More questions than answers

Yael Bartana, Mary Koszmary (Nightmares), 2007

I don’t go to see art expecting easy answers. I like work that makes me think. (I like work that just bowls me over visually too, but I’m going to assume that’s a given rather than getting bogged down by trying to make an exhaustive list of types of art I like. Let’s just work on the basis that I like art. And, for my purposes here, that thinking is a bonus and a bit of confusion is fine.) I’m not scared of challenging work and I don’t necessarily expect to get it straight away. I’m pretty tenacious; I’ll go back for a second look (if I can, my tendency to see exhibitions on the day they close can be something of a limitation in this respect) or read whatever background information I can find. All of which should be borne in mind when I say that I’ve seen Yael Bartana’s And Europe will be Stunned three times now and I’m still trying to figure out exactly what I think about it.

The work is made up of three connected films – Mary Koszmary (Nightmares), Mur i wieża (Wall and Tower) and Zamach (Assassination) – made over a period of several years and is based around the premise of a movement encouraging the return of Jews to Europe. You won’t often find me focusing on biographical information, but it’s relevant here: The artist, Yael Bartana, is an Isreali Jew whose grandparents died in Poland during the Holocaust.

The series takes as its starting point a speech by Sławomir Sierakowski, a young Polish left-wing activist and magazine editor here playing himself were he to become leader of the Jewish Renaissance Movement in Poland, a fictional movement created by Bartana for the films, but, confusingly, one which recently held a non-fictional conference in the real world.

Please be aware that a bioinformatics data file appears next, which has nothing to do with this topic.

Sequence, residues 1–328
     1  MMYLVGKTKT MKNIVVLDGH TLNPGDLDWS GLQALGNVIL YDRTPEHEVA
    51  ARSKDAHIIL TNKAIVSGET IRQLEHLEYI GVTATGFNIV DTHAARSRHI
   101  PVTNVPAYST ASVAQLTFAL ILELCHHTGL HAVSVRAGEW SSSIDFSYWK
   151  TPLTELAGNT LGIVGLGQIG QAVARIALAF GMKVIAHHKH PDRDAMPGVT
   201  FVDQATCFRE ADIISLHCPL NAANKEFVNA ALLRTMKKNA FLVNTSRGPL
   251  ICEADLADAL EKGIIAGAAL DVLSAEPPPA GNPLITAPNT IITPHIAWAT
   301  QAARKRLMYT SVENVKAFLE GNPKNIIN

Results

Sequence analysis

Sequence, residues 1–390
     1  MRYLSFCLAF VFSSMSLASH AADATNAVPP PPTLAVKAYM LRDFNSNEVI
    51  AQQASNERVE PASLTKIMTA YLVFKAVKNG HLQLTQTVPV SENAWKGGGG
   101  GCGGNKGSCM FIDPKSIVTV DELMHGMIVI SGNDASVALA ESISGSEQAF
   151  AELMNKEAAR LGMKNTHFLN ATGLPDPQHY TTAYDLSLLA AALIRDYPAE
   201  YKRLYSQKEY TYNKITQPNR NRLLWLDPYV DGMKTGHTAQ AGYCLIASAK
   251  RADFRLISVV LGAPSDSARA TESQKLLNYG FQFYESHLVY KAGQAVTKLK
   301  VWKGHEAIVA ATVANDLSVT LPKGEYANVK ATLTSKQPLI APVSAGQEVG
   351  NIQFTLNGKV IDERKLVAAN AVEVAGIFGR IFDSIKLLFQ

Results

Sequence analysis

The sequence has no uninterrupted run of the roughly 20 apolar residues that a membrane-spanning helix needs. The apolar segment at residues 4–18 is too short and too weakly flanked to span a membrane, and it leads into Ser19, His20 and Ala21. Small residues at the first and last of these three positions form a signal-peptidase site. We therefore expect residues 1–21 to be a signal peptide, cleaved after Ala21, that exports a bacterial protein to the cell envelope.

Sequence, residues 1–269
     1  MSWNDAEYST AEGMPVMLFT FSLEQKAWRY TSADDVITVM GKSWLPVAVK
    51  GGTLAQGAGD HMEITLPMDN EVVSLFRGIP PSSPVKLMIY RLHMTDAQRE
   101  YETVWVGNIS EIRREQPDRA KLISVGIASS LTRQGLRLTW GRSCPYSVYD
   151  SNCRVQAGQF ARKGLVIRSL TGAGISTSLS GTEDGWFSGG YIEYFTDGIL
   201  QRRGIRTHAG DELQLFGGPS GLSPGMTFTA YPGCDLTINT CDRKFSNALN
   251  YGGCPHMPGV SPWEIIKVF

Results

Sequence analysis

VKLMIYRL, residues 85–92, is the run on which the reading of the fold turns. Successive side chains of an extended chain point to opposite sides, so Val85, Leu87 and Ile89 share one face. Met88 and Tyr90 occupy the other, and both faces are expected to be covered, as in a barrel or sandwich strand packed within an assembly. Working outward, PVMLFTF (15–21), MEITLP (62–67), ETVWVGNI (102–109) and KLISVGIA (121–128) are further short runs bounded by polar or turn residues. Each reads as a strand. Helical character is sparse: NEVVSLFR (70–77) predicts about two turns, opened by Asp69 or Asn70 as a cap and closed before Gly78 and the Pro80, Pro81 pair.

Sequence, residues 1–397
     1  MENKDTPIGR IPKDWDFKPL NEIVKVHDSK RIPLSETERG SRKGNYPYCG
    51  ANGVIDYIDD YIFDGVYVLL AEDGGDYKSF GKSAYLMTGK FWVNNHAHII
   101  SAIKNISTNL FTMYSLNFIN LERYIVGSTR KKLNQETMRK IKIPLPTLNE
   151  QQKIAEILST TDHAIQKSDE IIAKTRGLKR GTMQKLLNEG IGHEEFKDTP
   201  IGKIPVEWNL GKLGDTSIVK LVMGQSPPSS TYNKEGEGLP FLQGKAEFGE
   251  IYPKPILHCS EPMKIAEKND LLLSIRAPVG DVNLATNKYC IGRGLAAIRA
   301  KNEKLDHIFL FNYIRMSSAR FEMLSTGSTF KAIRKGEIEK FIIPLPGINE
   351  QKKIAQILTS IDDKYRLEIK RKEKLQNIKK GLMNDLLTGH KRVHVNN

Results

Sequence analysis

Mary Koszmary (Nightmares), 2007

The first film – Nightmares – opens with Sierakowski arriving at an almost empty, dilapidated stadium – built in Warsaw in 1955 as an Olympic stadium – where he delivers a passionate speech to an audience of a few young people, none out of their teens. Sierakowski wrote his own speech and it’s delivered with evident conviction. It’s this layering of fact and fiction – of documentary and narrative – that makes the work both confusing and fascinating. This is a body of work that doesn’t give up its secrets easily. It requires focus and an open mind.

The speech includes several phrases that recur later in the trilogy including its title and ‘we shall be strong in our weakness’ which appears as a red neon sign at the London installation of the work at Hornsey Town Hall. At the end of the speech Sierakowski walks off the pitch surrounded by his young audience. As if matters weren’t already somewhat confusing, one of the smaller children at the front of the group briefly seems to goose-step.

Mur i wieża (Wall and Tower), 2009